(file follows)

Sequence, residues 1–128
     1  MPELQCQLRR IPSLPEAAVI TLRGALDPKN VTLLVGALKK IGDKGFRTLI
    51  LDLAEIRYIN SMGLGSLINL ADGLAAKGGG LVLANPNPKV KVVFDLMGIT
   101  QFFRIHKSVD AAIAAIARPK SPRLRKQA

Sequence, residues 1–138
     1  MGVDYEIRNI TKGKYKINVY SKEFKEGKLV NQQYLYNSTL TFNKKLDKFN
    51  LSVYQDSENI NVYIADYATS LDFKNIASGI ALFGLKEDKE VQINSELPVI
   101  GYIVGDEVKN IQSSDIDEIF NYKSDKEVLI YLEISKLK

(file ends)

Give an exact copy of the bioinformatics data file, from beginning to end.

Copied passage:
Sequence, residues 1–128
     1  MPELQCQLRR IPSLPEAAVI TLRGALDPKN VTLLVGALKK IGDKGFRTLI
    51  LDLAEIRYIN SMGLGSLINL ADGLAAKGGG LVLANPNPKV KVVFDLMGIT
   101  QFFRIHKSVD AAIAAIARPK SPRLRKQA

Sequence, residues 1–138
     1  MGVDYEIRNI TKGKYKINVY SKEFKEGKLV NQQYLYNSTL TFNKKLDKFN
    51  LSVYQDSENI NVYIADYATS LDFKNIASGI ALFGLKEDKE VQINSELPVI
   101  GYIVGDEVKN IQSSDIDEIF NYKSDKEVLI YLEISKLK